“There’s no question I support public financing of local campaigns,” Kittleman said, but only if it comes from voluntary contributions, not tax dollars.
Under the charter amendment known as Question A, “the county executive must put in the budget what this unelected commission says,” Kittleman said. “This is clearly taxpayer funded campaigns. This is wrong.”
Kittleman was responding to a previous column about the proposal to finance races for Howard County executive and council with public money.
The proposal has gained statewide and national attention from a coalition of groups because it is the first time public financing of local races has been put on the ballot as a separate issue.
The coalition supporting public funding estimates that it would cost $2.5 million in the 2022 election.
Supporters concede this is less than is currently spent on competitive races for these offices. “[The] goal is not to ensure a candidate using matching funds can outspend all competitors; [the] goal is to stay competitive with enough funding to get the message out,” said the outline for the proposal.
‘No Way to Raise $2.5 Million’
But Kittleman said, “Even if there is a voluntary check-off, there’s no way you’re going to raise $2.5 million” from the 120,000 tax filers who pay county income taxes.
Howard County Council member Jon Weinstein, the lead sponsor of the charter amendment, said Kittleman’s opposition was no surprise. Kittleman had told him that privately in the spring, when the council was reviewing the measure. The administration did not publicly oppose the proposal, but the lone Republican on the five-member council did vote against it.
“Any system that works involves taxpayer dollars” in some fashion to ensure that the funds are available to candidates as promised, Weinstein said.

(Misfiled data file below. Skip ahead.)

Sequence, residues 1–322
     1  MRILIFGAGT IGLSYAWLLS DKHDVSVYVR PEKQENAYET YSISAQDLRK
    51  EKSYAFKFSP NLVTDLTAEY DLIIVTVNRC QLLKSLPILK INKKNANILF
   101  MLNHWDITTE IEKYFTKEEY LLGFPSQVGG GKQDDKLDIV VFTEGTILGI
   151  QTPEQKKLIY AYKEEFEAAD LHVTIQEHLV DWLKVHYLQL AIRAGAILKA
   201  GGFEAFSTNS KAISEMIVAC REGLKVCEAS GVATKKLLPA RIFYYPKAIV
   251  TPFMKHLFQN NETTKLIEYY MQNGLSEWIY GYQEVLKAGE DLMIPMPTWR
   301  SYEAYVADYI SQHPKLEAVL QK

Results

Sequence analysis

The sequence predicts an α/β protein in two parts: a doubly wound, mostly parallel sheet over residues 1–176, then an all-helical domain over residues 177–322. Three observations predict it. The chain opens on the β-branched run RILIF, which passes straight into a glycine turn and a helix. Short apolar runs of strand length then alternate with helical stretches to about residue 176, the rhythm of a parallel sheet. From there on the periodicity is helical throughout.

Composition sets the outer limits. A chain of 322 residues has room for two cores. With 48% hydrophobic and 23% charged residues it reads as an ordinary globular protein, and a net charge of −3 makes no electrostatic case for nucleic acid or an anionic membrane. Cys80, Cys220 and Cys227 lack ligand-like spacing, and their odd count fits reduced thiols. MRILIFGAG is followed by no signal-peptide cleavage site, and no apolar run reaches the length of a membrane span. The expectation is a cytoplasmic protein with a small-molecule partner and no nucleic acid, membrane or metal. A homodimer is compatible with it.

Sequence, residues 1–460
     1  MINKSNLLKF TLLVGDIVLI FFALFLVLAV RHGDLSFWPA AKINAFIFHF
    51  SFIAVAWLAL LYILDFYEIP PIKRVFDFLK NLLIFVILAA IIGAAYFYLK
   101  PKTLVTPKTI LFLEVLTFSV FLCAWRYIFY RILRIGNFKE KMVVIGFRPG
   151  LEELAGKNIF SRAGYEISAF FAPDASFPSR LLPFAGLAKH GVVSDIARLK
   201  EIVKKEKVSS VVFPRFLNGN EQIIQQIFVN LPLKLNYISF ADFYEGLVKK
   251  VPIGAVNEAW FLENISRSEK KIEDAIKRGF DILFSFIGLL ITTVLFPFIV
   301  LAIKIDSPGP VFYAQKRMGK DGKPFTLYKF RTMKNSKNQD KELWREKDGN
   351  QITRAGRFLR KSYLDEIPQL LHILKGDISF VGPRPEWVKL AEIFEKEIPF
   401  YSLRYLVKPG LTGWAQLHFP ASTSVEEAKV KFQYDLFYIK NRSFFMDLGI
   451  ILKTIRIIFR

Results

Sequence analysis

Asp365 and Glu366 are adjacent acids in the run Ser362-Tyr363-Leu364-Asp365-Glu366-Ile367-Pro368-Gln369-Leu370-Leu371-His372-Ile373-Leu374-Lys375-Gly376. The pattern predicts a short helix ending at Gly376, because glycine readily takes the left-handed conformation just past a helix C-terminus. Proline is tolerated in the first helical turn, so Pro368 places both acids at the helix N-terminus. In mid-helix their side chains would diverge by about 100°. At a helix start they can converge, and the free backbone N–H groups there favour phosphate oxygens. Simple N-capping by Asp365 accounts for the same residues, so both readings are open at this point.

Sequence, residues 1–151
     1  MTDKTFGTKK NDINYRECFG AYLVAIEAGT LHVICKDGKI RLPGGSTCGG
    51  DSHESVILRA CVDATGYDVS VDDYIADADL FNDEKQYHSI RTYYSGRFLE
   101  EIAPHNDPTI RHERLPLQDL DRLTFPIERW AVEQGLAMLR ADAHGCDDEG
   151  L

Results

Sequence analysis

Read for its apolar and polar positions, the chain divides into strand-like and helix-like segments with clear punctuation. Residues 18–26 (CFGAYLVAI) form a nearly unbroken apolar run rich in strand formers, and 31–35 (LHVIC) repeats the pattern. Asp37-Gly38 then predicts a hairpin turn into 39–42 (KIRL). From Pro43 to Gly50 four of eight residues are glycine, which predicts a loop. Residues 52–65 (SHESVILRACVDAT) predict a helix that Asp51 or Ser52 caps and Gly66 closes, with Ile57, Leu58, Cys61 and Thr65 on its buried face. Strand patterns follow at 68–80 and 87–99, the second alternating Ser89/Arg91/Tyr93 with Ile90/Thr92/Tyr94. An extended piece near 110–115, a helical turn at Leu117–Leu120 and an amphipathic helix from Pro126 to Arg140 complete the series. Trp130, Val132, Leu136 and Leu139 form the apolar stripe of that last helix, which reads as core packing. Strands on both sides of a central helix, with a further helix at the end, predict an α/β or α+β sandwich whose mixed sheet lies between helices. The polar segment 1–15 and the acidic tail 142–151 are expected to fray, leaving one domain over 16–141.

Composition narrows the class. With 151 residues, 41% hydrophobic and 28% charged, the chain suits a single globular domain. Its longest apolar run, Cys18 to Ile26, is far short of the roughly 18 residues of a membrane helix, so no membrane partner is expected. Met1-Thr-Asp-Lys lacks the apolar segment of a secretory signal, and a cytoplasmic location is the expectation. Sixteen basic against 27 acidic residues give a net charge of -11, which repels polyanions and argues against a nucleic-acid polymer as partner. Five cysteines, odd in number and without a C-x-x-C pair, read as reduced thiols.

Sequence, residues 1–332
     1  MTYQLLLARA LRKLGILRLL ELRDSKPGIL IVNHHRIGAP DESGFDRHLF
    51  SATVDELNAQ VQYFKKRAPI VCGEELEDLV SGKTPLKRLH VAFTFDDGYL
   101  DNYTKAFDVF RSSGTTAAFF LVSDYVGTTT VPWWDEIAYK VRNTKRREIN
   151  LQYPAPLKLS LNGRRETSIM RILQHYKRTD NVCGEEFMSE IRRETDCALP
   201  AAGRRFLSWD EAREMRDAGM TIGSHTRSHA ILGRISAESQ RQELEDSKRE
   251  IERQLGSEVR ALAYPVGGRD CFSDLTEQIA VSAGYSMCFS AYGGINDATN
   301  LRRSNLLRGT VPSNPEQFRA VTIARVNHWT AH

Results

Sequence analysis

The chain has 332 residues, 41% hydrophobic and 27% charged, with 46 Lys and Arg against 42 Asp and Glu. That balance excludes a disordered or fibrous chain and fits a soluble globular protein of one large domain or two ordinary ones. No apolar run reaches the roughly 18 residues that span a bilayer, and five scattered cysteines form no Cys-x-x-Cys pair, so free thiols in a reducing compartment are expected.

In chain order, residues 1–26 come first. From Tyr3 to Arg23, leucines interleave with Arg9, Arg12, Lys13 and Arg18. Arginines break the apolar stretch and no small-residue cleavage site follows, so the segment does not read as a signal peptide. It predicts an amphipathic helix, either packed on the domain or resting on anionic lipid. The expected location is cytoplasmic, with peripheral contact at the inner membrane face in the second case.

Weinstein said it was interesting that Republican Gov.Larry Hogan was the first to successfully run for governor using public financing. He pointed out that Hogan in this year’s budget proposed replenishing the campaign finance fund with $1.8 million in taxpayer dollars. The legislature cut $790,000 from Hogan’s proposed funding, and replenished the campaign fund with $1 million to replace the money from the fund that had been taken from the fund for other purposes.
Under the Howard County proposal recommended by the coalition of groups, an independent commission would make funding recommendations to the county executive and county council for annual appropriations. That would ensure the program is available for qualifying candidates in the 2022 election cycle.
Voters also would be allowed to make a check-off on their local income taxes to fund the program, with the rest of the money coming out of the county budget.
With campaigns funded using tax dollars, Kittleman said an unwilling taxpayer could wind up paying for a robocall from a candidate they oppose. (The same is true for the many Democrats whose tax check-offs funded Hogan’s campaign.)
Weinstein said total voluntary funding is “not a secure system. We need some level of guarantee.”
The 2022 election was chosen as the first one to use the campaign fund, so there would be enough time to fill it. Weinstein pointed out that because of the council’s three-term limit, he is the only current member of the county council that would be impacted by the campaign financing.
“It’s either self-serving or self-defeating,” Weinstein said.
To make the voluntary check-off on personal income tax returns possible for Howard County, the legislature would have to act since the state collects the local piggyback tax.
Weinstein said the $2.5 million estimate was deliberately high and presumes that the candidates are “not only qualifying for public funding but maxing out.”
While proponents have been very visible under the umbrella of FairElectionsHowardCounty.org, there is also a committee called Howard County Citizens Against Question A, which is chaired by David Loeffler of Laurel, with Bradley Myers, of Hanover, as treasurer. Myers is also treasurer of Kittleman’s campaign committee.
The anti-Question A group has a website, VoteAgainstQuestionA.org, which makes some of the same points that Kittleman did in an interview. But it also asks, “Will this raise my taxes?”
“Almost certainly,” it said.
The opposition from Kittleman and a committee with ties to him may be too little, too late to defeat what is generally seen as a popular measure to reduce the influence of big donors.